Members of the National Union of Mineworkers (NUM) at Northam platinum mine in Limpopo are on strike, the union said on Monday.
"The strike started on Sunday night without any incident of violence," said Ecliff Tantsi, the NUM chief negotiator at Northam platinum.
He said over 7 000 NUM members representing approximately 80% of the workers at the mine went on strike demanding an increase of R2 100 for core workers, such as rock drill operators, and R2 000 for non-core workers.
The union further demanded that the R2 200 living out allowance be increased to R3 718.
"The company has responded with a meagre 6.5% for non-core and 7% for core workers," he said.
"We reached a dispute, went to the Commission for Conciliation, Mediation and Arbitration and failed to find an amicable solution. We went further to propose another facilitator … but, we still failed."
'No new developments'
On Sunday, the company said it would suspend certain operations due to the strike.
Earlier on Sunday, Tantsi said there had been "no new developments" since wage negotiations broke down last week, and the strike notice was subsequently issued.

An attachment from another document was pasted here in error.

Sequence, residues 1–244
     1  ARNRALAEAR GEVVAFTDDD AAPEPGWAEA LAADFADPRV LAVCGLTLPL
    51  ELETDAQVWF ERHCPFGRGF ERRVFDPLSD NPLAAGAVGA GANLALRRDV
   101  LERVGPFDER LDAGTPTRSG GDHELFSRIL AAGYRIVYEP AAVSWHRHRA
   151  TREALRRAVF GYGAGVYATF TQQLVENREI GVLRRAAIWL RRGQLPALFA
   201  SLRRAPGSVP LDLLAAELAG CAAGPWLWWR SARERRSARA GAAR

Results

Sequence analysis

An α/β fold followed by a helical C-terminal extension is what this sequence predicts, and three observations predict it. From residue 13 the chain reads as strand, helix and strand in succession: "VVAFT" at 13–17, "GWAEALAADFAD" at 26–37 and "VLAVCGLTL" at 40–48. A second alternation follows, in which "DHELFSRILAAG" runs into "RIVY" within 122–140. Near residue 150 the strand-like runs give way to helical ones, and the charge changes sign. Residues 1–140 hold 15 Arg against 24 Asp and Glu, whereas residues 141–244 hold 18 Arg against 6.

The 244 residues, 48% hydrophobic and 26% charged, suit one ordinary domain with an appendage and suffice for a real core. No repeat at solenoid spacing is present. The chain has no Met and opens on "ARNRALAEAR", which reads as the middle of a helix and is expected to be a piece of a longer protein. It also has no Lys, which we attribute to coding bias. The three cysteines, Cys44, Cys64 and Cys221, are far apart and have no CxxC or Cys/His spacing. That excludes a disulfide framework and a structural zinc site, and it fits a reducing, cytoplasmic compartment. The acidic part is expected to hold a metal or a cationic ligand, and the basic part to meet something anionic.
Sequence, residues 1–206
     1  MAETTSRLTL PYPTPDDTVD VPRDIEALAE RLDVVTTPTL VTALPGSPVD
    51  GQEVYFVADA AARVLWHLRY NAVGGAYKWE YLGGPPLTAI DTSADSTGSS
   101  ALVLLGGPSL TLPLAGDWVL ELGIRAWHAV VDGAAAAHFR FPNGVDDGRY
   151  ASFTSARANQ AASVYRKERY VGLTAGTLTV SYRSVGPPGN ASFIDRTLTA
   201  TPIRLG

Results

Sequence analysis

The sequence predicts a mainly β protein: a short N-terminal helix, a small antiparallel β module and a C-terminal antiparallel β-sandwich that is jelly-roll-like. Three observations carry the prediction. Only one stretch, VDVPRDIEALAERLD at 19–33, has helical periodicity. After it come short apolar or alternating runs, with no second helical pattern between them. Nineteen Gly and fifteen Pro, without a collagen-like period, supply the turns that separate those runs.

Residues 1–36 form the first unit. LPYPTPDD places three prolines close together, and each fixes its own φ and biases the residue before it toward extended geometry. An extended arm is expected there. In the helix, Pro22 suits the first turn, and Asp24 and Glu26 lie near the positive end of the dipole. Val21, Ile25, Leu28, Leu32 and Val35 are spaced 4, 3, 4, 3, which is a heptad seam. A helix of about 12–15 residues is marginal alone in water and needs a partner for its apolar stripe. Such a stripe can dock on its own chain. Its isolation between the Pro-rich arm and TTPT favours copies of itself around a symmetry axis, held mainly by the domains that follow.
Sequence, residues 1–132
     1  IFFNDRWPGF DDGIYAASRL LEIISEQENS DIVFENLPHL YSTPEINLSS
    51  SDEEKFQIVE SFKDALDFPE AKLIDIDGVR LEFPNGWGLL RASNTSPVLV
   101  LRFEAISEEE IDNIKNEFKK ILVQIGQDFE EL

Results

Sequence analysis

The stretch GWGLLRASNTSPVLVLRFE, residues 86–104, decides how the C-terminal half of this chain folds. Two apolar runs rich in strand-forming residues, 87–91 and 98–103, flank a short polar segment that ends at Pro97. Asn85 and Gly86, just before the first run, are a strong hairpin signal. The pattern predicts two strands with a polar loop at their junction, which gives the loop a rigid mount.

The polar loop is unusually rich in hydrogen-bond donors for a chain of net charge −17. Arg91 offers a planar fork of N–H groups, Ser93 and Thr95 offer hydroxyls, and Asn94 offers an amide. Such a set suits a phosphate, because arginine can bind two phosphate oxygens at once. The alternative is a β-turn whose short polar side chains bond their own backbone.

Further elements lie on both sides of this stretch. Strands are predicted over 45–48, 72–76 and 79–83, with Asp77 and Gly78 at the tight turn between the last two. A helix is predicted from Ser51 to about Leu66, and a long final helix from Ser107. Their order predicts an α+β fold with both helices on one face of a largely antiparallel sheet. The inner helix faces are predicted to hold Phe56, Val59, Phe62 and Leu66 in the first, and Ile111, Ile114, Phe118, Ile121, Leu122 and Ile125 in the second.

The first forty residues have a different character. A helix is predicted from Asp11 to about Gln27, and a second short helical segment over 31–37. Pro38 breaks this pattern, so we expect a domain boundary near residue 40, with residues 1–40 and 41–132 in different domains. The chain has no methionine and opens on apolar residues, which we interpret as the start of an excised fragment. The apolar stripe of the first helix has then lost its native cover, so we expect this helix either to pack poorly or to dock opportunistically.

However, he said that he had phoned the mine's general manager, Danny Gonsalves, on Sunday morning.
"I indicated to him that we cannot lead by silence … In any war there will be time for parties to talk," said Tantsi.
"In the beginning of the war, to avoid casualties, it is wiser to find a solution".
Tantsi said the manager indicated he "understood me".
"I'm waiting for his call anytime."
Offers to miners
The mine said on Sunday evening that another meeting was planned for Tuesday.
On Sunday night, the NUM said in a statement that it had not been consulted about this meeting.
"We want state categorically clear that ever since we served the company with a 48 hour notice, nothing came out from the company for any meeting," Tantsi said.
He said that the strike began peacefully and not a single person went underground.
"This is an early indication that the turn out in support of the strike will be 100% [on Monday]."
Earlier on Sunday, speaking on behalf of the mine, Marion Brower, said the company had moved twice on its offers to miners, as well as offered facilitation.
Asked if further engagement between the employer and workers was on the cards, Brower at the time said: "I do know that when it comes to these kind of things, it's who blinks first." – Sapa